Studies have shown that 97 percent of dieters regain everything they lost, plus some, within three years. This has been my reality all my life. I have tried every diet, and I have lost some weight, but I always regain it again, and usually more than I lost. And it doesn’t take me 3 years to do. But the main point here is that, for most people, dieting just doesn’t work.
However, in recent longer-term studies over 25 years of patients who have had bariatric surgery, the majority of them not only lost most of their excess weight, they were able to keep it off over the course of the 25 year study. Why the difference? Well, surgery provides a physical tool that helps to lose weight, but it also comes with a series of lifestyle changes.
There are various changes you need to make to your lifestyle when you have bariatric surgery.
- For example, I will need to eat a high-protein, low-carb diet. For the rest of my life.
- I have to eat protein first, and I can’t eat certain foods like bread because it will swell up in my tiny tummy and get stuck.
- Immediately after the surgery, I will have to drink water and protein shakes from a 2 ounce cup every 30 minutes to stay hydrated and get my protein in.
- I will need to avoid sweets to avoid dumping syndrome.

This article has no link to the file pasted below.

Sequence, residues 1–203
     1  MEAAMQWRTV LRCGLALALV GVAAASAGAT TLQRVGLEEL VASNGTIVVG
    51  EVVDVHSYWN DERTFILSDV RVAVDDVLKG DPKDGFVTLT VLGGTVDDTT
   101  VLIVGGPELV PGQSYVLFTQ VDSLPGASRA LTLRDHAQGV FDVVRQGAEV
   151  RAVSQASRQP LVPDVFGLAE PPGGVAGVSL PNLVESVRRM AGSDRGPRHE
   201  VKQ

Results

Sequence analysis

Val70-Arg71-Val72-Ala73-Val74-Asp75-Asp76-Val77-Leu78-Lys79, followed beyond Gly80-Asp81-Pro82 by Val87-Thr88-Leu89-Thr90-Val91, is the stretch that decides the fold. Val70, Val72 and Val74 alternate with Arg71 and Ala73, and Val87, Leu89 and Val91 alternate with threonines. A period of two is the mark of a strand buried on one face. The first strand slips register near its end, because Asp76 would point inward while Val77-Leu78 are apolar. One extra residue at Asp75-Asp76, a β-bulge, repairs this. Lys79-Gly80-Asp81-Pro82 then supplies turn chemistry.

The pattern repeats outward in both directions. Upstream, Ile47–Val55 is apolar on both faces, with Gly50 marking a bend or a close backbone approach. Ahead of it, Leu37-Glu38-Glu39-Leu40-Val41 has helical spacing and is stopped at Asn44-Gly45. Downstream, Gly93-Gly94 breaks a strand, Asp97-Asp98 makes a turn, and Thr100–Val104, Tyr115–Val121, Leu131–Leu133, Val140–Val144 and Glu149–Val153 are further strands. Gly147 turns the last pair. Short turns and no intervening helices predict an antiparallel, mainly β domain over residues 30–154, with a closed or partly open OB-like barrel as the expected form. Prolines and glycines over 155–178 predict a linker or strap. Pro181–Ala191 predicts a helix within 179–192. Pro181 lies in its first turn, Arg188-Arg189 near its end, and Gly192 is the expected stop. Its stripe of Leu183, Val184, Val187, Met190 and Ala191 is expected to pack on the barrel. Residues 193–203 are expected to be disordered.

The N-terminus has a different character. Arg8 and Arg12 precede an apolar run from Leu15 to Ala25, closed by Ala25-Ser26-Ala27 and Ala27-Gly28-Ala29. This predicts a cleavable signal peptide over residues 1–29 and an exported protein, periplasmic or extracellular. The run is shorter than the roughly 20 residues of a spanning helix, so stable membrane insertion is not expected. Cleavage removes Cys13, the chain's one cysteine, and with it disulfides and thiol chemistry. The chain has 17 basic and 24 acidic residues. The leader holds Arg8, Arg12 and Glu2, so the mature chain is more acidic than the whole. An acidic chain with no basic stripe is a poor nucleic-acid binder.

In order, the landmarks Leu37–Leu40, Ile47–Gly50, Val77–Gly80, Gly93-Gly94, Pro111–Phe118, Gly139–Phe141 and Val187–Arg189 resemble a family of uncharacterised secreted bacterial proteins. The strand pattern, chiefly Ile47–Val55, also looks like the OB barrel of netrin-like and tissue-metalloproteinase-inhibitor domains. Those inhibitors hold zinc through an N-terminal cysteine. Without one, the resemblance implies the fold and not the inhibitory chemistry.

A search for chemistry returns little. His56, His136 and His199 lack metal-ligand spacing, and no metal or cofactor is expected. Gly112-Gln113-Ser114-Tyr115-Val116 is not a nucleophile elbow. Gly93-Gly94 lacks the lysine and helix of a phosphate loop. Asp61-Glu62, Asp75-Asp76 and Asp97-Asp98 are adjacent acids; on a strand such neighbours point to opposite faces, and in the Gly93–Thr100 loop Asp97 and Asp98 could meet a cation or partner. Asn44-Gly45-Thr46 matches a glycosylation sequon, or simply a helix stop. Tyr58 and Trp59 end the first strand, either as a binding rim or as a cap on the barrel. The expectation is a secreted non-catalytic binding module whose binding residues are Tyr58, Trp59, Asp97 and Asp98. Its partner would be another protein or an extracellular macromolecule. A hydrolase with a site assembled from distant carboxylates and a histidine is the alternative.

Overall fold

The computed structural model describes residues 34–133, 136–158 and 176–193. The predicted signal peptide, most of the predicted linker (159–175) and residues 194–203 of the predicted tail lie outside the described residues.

- I will need to avoid liquids for 30 minutes before and after I eat.
- I will need to stay ON TOP of my fluid intake to keep from getting dehydrated because I will no longer be able to chug or intake large amounts of water when I get behind on water.
- I will need to chew my food more and eat more slowly.
- I will need to avoid straws to keep air bubbles from getting into my new tiny tummy.
- I will have to learn to eat in a totally new way, being only able to eat about 3-4 ounces of food at a time.
- I will have to take special bariatric vitamins because my body won’t absorb vitamins the same way anymore.
- I will need to exercise, just like anyone else trying to lose weight.
There are also side effects to the surgery, such as:
- Hair loss
- Dumping syndrome
- Energy loss
So as you see, there’s nothing “easy” about this surgery. However, I do feel like it’s a good fit for me, and the best hope for me for my health.